I don't want to sound douchy or anything, but "Visual Effects" (VFX) is Computer generated effects that are added in post and "Special Effects" is the term that's now used for stuff like this, practical effects that are shot on location. Just an FYI.

EDIT: I also don't really see what you can learn from this that transfers over to CGI, but then again I'm not a rigger. I would think it would be better to look at animals/skeletons/nature and use that as a base to rig, rather than a bad animatronic from an 80's movie.

Last edited by th3ta : 09 September 2012 at 03:43 PM.
 
Old 09 September 2012   #21
Originally Posted by th3ta: I don't want to sound douchy or anything, but "Visual Effects" (VFX) is Computer generated effects that are added in post and "Special Effects" is the term that's now used for stuff like this, practical effects that are shot on location. Just an FYI.


Point made guys.

The topic of the thread has been changed accordingly.

-R

EDIT here is some CG examples from Shark Night 3d
LINK
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Old 09 September 2012   #22
Originally Posted by Artbot: I mean, are we just posting random stuff we like now?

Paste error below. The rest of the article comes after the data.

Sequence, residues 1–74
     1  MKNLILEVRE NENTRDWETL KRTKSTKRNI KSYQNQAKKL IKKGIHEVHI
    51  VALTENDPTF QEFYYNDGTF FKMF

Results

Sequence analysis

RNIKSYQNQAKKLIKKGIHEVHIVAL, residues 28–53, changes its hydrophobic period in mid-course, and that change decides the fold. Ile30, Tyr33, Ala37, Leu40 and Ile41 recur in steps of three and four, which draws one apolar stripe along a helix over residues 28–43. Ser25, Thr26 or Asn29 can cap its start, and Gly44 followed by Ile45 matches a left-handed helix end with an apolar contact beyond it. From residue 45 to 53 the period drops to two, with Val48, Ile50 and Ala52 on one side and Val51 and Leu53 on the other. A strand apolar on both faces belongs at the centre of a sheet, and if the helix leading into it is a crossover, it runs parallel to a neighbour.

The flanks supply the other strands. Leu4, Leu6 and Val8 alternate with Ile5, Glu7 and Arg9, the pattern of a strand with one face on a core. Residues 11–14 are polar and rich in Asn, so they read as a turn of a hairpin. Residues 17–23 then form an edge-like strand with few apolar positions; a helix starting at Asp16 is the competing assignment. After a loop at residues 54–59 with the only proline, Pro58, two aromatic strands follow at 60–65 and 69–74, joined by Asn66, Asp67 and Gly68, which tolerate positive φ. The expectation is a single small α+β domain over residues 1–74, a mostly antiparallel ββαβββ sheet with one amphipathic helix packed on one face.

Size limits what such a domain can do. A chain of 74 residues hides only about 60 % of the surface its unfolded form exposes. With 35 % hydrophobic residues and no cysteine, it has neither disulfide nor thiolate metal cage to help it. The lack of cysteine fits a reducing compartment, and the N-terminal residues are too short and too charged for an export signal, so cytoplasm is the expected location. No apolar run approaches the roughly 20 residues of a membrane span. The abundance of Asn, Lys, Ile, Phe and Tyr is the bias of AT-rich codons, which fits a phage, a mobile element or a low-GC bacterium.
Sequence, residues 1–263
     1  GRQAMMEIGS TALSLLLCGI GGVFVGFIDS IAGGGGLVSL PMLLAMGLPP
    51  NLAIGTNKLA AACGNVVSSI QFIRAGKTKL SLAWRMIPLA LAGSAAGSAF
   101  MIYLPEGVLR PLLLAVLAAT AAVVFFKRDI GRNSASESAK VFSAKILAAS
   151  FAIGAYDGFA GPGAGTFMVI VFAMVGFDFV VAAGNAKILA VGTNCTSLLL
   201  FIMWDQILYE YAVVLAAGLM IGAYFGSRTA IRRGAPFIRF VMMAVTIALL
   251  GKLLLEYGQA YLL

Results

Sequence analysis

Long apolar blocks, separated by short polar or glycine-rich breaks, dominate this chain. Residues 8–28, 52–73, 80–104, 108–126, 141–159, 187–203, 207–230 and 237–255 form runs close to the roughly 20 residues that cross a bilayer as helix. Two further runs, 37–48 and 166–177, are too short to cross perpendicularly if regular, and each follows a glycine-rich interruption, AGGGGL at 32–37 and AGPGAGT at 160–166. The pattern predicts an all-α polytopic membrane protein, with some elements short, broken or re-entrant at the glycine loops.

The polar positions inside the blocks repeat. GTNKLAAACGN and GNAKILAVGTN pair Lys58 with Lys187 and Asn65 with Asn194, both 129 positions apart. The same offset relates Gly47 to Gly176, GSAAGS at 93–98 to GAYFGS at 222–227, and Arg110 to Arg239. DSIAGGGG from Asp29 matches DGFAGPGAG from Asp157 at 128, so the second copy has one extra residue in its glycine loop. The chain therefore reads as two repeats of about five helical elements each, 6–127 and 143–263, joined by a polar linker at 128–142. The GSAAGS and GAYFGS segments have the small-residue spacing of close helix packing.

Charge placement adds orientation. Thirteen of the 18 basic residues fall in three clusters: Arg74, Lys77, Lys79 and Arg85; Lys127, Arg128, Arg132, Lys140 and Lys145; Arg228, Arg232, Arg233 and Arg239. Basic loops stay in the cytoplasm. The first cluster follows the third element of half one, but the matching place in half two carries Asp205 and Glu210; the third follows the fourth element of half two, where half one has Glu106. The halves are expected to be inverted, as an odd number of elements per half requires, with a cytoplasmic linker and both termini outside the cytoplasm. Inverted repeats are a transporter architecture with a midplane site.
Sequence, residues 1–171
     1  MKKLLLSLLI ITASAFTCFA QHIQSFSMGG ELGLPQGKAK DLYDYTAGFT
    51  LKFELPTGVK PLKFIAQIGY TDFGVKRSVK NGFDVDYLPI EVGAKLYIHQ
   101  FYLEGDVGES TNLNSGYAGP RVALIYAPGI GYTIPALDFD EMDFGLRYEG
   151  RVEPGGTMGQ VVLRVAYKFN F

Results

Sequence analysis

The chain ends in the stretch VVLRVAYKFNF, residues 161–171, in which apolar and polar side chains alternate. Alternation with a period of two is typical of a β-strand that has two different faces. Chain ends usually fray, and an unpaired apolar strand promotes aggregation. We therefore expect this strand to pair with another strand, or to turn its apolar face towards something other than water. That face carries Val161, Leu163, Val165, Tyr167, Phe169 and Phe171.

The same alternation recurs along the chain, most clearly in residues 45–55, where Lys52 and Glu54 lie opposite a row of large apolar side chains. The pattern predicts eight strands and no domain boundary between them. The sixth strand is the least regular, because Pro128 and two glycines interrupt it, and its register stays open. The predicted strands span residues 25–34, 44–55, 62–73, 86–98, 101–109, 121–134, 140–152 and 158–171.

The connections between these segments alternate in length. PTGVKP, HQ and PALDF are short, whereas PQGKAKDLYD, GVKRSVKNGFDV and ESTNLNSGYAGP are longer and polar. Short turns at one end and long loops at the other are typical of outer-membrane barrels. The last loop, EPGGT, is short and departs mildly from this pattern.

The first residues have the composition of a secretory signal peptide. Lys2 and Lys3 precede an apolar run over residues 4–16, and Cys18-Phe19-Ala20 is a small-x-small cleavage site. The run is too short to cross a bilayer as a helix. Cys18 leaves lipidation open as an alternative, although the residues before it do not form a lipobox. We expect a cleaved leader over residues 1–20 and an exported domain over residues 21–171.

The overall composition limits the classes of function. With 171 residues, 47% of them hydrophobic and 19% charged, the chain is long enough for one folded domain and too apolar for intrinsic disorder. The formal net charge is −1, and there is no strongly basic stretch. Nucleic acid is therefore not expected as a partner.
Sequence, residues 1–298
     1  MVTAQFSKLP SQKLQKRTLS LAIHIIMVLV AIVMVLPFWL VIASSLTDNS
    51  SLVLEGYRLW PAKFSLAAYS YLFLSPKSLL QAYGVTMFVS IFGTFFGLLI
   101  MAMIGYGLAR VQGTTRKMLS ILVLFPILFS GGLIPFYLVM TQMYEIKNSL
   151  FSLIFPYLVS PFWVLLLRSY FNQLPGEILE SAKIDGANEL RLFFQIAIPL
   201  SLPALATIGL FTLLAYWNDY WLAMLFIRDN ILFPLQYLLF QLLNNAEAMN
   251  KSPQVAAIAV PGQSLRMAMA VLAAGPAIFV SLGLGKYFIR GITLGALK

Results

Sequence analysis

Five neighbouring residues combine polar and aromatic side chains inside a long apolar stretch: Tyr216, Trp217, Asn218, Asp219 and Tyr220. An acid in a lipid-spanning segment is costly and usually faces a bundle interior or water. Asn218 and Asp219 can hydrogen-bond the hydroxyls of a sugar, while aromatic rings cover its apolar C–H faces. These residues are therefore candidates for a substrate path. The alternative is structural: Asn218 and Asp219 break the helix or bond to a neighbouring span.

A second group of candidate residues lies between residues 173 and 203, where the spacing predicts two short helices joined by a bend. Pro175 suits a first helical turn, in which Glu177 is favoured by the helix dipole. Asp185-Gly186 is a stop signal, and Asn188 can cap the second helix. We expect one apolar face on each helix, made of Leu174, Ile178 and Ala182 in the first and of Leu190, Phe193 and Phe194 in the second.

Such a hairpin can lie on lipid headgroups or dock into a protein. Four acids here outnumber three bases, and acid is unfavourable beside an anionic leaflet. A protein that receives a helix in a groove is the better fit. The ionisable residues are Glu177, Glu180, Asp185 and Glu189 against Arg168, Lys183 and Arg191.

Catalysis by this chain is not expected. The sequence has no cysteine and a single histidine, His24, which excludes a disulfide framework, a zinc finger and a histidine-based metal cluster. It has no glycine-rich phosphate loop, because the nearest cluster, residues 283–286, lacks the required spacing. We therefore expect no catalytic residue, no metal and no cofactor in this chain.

I know what you're saying, but it's not like it's a thread with a crotchet pattern for a life size horse.

Jaws is a classic film and Spielberg's first foray into using special effects, I personally found this fascinating and I think there's much less harm in looking back at the history of special effects work (how it relates to the practises of today...etc.) than simply pulling down a shutter that says "NOT RELEVANT".

But to each their own.

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Last edited by AJ : 09 September 2012 at 04:03 PM. Reason: spelling erororrs
 
Old 09 September 2012   #23
Originally Posted by th3ta: I don't want to sound douchy or anything, but "Visual Effects" (VFX) is Computer generated effects that are added in post and "Special Effects" is the term that's now used for stuff like this, practical effects that are shot on location. Just an FYI.


I meant to say "Special Effects" but typed VFX instead... Simple typo.

On the other hand, since film is an optical/visual medium, all film FX, whether digital or practical, kind of wind up being "Visual Effects" at the end of the day...
 
Old 09 September 2012   #24
Originally Posted by AJ: I know what you're saying, but it's not like it's a thread with a crotchet pattern for a life size horse.

That actually seems more relevant since it's basically a low-rez pixelated pattern of an image.

Originally Posted by AJ: ....I think there's much less harm in looking back at the history of special effects work...

There's certainly no harm in it and I personally find the subject fascinating. But that's not what this thread was/is about. An on-going thread about cool stuff from the history of vfx/spfx is not a bad idea at all.

Originally Posted by AJ: (how it relates to the practises of today...etc.) than simply pulling down a shutter that says "NOT RELEVANT".


I agree. Still waiting for someone to post how this relates to practices of today.